A store with sole

As many businesses close, one Dinkytown business thrives.

Jim Picard, owner of Fast Eddie’s Shoe Repair, fixes a heel Friday at his shop. The store opened in 1971 and has been owned by Jim since 1985.

Jules Ameel

Jim Picard, owner of Fast Eddie’s Shoe Repair, fixes a heel Friday at his shop. The store opened in 1971 and has been owned by Jim since 1985.

Her heel broke on her favorite pair of gold, strappy heels. Preparing to graduate this spring, English senior Kiranjeet Kaur desperately wanted to find a place that would fix them. ThatâÄôs when she turned to Jim Picard , owner of Fast EddieâÄôs Shoe Repair & Care in Dinkytown . Located at 1316 Fourth St. S.E., Fast EddieâÄôs repairs backpacks, purses, belts, sandals, shoes, boots and other items. Picard said since the recession, he has seen a substantial increase in the number of customers seeking to fix their shoes instead of simply throwing them away. According to the Shoe Service Institute of America , a trade association for the shoe repair industry, shoe repair is among the oldest forms of recycling. Each year, the shoe repair industry keeps more than 62 million pairs of shoes out of landfills and on consumers’ feet . Picard said shoe repair shops tend to do better during recessions, noting his last increase in business was during the recession in the 1980s. He said people want to keep their shoes in good condition if they donâÄôt want to spend the money on a new pair. Fixing anywhere from 100 to 200 pairs of shoes a week, he said business in February âÄî normally one of his slowest months âÄî âÄúwas not quiet.âÄù âÄúWhere other businesses are having a tougher time in this economy, we had probably one of the biggest Februarys ever,âÄù he said. He said his clientele range from University of Minnesota students seeking to fix shoes or a broken strap on their backpack to construction workers looking to maintain steel-toe boots. âÄúIâÄôm need-based,âÄù he said. âÄúPeople come when they have issues, so they seek me out more so than me having to seek them.âÄù Picard said he has not had to increase prices at his store, but said the only change that has hit him because of the economy is the price increase for materials, such as the Italian leather he uses. âÄúI just swallow those increase costs, only because I have more customers,âÄù he said. As Kaur anticipates graduation and the return of her broken pair of high heels to wear during commencement, she said she wishes she would have known about shoe repair before, instead of throwing away her old, broken shoes. âÄúI never thought getting shoes repaired was such an easy thing and cheap,âÄù said Kaur. âÄúIf I would have known that, I probably would have gotten a whole ton of other shoes fixed before throwing them out.âÄù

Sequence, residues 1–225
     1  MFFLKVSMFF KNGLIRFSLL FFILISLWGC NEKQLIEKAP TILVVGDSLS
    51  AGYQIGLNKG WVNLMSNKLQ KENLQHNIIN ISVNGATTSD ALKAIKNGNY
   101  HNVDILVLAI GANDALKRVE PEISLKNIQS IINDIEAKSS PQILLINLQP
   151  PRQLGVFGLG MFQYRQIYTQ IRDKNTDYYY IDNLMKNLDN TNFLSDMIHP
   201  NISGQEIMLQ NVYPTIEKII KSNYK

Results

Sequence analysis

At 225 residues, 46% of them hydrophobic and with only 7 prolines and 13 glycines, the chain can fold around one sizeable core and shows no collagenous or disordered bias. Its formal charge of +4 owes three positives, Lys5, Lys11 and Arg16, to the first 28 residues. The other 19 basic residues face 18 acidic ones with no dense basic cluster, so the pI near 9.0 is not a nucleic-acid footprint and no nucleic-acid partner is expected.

How it all began

In the summer of 1936, Eddie LaPlante and his brother traveled to Crookston, Minn., searching for jobs. Both LaPlante and his brother found a shoe repairman who gave them a place to stay, but only if they would fix shoes. When World War II began, LaPlante took an army train to Georgia to serve but was unable to, because of flat feet. On his way home from Georgia, he saw a shoe repair shop seeking help in Minneapolis. During the war, shoes were hard to come by, so LaPlante opened his own shoe repair shop on Central Avenue. In 1971, Jerry Manes , owner of the Campus Cobbler Shoe Store in Dinkytown, asked LaPlante to come to Dinkytown. LaPlante opened his shop in a suite of what was previously the College Inn Hotel. In 1979, Picard came to Dinkytown as the manager of the Campus Cobbler . Picard said shoe stores and repair shops work together, so he worked closely with LaPlante. In 1985, Picard convinced LaPlante to sell him the store. In 1987, LaPlante decided he wanted to retire, but Picard convinced him to stay longer to teach him the craft of shoe repair. LaPlante stayed another 20 years, sharing with Picard his knowledge and expertise of the craft. âÄúI love what I do,âÄù Picard said. âÄúI take a lot of pride in what I turn out.âÄù